In an interview with the Business Journal last week, Wedbush said the firm’s actions caused no harm to any investors and that the firm agreed to pay $2 million and adjust its market access practices to settle the dispute.
The most recent SEC document regarding the dispute confirmed it had “reached an agreement in principle to a settlement,” but it did not disclose the terms.
Meanwhile, Finra, an industry-run regulatory agency, filed its own complaint against Wedbush Securities in August, citing similar violations. The agency also accused the firm of providing ample opportunities for foreign investors to launder money by failing to ensure appropriate risk management.
Gordy, Finra’s former head of enforcement, is now in private practice at a Maryland law firm. She said that because Wedbush Securities has become known as a firm that has had significant compliance problems it could be up against a more severe punishment from Finra than it has seen in the past.
“In certain circumstances it may be appropriate to significantly raise sanctions in an area where the current sanction levels have become the ‘cost of doing business,’” she said.
The Finra case is still pending.
Wedbush has also run afoul of clients. The most recent allegations led Life Partners Holding Inc., a Waco, Texas, company, to sue Wedbush in Los Angeles Superior Court last month. Wedbush was a market maker in Life Partners’ stock, and the company claims the brokerage engaged in a “naked short sale” scheme.
Short sales are a bet that the price of a stock will go down; an investor agrees to sell “borrowed” stock at a certain price, buying the stock when the price falls and repaying the lender with those lower-price shares, profiting from the difference. The shares are generally borrowed from brokerage houses, either from their own inventory or from a client’s margin account. The SEC has established a three-day window for the borrowing to take place, and in a naked short sale, the seller-borrower does not take possession or arrange to take possession of the shares in that time. In other words, the short seller has sold stock it hasn’t borrowed. When that happens, the seller cannot deliver the shares as promised and the transaction is considered a “fail.”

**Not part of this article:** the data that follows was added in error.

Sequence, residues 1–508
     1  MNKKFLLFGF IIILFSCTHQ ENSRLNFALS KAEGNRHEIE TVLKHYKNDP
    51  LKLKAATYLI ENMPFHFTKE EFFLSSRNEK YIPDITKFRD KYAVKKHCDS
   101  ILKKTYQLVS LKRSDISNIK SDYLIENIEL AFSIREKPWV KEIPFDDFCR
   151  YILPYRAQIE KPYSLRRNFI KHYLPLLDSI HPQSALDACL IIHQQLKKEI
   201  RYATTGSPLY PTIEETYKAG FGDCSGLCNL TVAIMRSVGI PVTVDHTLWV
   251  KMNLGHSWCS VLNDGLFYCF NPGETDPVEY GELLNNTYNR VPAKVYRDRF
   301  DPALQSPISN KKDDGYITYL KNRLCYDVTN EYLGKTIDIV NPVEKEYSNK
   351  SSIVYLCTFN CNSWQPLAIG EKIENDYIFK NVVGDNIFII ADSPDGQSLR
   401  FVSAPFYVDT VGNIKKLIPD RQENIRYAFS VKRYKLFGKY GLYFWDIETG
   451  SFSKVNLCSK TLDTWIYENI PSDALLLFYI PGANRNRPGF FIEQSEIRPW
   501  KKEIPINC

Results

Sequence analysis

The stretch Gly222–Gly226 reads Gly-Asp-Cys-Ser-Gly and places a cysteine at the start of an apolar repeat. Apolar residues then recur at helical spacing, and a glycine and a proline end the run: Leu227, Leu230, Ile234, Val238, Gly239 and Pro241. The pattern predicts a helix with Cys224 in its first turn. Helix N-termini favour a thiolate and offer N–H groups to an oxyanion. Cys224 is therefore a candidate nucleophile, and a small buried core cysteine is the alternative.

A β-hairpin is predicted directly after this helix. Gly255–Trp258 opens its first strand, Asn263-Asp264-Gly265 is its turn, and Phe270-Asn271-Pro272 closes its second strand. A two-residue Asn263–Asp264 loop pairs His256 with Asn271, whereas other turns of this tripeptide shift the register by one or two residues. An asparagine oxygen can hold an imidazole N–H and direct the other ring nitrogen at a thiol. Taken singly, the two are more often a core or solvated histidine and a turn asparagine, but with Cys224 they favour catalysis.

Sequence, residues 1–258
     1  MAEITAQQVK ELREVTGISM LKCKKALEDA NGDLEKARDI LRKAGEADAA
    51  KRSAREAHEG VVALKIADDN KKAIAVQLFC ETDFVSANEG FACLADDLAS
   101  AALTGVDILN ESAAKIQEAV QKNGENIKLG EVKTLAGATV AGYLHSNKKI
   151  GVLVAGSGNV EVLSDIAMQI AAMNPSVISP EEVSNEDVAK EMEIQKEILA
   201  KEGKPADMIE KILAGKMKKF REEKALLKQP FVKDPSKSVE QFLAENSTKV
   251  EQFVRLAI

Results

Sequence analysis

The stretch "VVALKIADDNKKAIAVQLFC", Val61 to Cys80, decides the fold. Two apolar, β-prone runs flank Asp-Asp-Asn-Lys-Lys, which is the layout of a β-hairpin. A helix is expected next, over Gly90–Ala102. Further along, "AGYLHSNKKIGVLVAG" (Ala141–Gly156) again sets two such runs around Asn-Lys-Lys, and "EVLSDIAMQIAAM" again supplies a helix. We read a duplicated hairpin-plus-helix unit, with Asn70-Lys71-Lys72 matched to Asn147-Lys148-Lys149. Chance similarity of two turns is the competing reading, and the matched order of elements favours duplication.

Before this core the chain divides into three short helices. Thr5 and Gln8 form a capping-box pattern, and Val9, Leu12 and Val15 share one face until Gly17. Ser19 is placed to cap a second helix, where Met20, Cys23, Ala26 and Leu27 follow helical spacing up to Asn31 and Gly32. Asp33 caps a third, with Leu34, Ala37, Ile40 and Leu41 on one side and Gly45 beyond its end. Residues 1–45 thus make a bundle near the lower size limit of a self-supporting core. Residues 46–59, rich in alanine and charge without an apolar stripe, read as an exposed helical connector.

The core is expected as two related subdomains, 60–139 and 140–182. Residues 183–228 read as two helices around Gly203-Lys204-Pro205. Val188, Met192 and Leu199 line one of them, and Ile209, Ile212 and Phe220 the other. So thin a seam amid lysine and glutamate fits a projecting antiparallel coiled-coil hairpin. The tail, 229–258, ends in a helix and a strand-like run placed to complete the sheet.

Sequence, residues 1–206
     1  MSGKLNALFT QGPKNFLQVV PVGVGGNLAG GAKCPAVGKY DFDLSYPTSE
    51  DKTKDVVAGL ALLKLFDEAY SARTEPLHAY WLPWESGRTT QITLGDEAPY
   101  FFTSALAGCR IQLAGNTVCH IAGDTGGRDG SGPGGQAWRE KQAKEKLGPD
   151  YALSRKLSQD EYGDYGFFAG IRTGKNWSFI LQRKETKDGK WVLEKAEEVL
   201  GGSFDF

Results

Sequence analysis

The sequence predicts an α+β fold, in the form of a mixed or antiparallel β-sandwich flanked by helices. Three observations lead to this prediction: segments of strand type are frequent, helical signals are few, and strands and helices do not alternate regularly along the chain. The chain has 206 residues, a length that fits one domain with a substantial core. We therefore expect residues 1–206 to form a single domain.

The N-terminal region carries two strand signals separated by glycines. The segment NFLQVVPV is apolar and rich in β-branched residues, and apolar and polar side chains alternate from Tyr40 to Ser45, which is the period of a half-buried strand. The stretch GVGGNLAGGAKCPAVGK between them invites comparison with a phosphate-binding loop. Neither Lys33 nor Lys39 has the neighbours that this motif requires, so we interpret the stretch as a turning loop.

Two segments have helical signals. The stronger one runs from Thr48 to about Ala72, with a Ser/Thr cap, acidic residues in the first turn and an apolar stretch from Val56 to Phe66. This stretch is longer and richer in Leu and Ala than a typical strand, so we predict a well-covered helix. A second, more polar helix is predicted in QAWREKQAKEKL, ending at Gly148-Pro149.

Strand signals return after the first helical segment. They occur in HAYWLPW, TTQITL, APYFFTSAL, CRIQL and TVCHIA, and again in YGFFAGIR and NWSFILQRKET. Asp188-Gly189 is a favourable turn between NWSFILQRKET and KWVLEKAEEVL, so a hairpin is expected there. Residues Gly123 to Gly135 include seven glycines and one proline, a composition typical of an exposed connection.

“Naked short selling destabilizes and depresses a company’s share price because it removes any supply constraint on stock sales,” the Life Partner’s complaint said. “An unlimited supply of any commodity, including a company’s stock, places a downward pressure on the price of that commodity.”
Wedbush Securities has not yet filed a response to Life Partners, but Ed Wedbush is generally dismissive of the legal challenges the firm faces, repeating his assertion that his company’s stature is drawing complaints.
“Our firm has gotten a lot more complex and, as we should, we’ve attracted a lot more attention,” he said.